Adventures in Ethics and Science

Tomorrow being Easter, a day on which there is some expectation that there will eggs for which to hunt in the backyard (weather permitting), the Free-Ride offspring and I decorated some eggs. We had an old package of oil-based dyes to make “swirled” eggs (the basic idea being that you float drops of the dye on top of cold water, then lowers the egg into the patches of dye, creating a sort of Jackson Pollock swirly effect on the shell).

But for the next dozen eggs, we thought we’d try something a little different. So we gathered some plant materials we thought might have pigments that we could use to create homemade dyes.

Here’s our basic procedure:

Put the plant material in a small saucepan. Cover with water and bring to a boil. Add eggs to be dyed, reduce to simmer, and cook for 20 minutes.

A couple notes:

This cooking time assumes raw eggs in the shell, with an aim to create hard boiled eggs with colored shells. If you are working with blown eggs (i.e., egg shells whose innards have been blown out), you don’t actually need to cook the shells you’re dyeing, and you can leave the egg shells in the dye for as long as you want to develop a darker color.

If you are using plant material that is not known to be edible, use only blown eggs. You don’t want something potentially toxic seeping into your hard boiled eggs.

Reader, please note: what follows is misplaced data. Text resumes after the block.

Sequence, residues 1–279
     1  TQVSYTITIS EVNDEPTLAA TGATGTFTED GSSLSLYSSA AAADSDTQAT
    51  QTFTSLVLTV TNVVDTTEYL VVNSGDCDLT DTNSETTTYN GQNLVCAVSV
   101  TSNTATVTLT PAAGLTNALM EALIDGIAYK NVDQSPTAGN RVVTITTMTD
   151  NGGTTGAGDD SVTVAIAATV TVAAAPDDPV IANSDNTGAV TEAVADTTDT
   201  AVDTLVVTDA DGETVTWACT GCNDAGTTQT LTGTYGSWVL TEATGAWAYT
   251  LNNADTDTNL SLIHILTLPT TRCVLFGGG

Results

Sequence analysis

(What can you do with the innards blown out of the eggshells? We’re using them to make matzoh balls.)

What we tried:

Skins from yellow onions:


This made a very deep reddish-brown. In the event that you ever need to disguise white eggs as brown eggs, an onion skin dye could do a passable job.

Red and pink stems from Rainbow Chard:


Sadly, not much happened. The eggs’ boiling water was a pale pink, but the egg shells still look white. (I’ve posed the two I dyed with an undyed egg. There’s a difference, but it’s disappointingly subtle.)

Pickled beet pickling liquid:


If you have a fresh beet on hand, you can slice it up into the sauce pan, cover with water, and boil to create a dye. But we had a container of pickled beets in the fridge, so we just stole some of that liquid and soaked blown eggs in it for awhile.


Petals from dark purple tulips:

For this one, because we are not habitual tulip eaters, we only used blown eggs.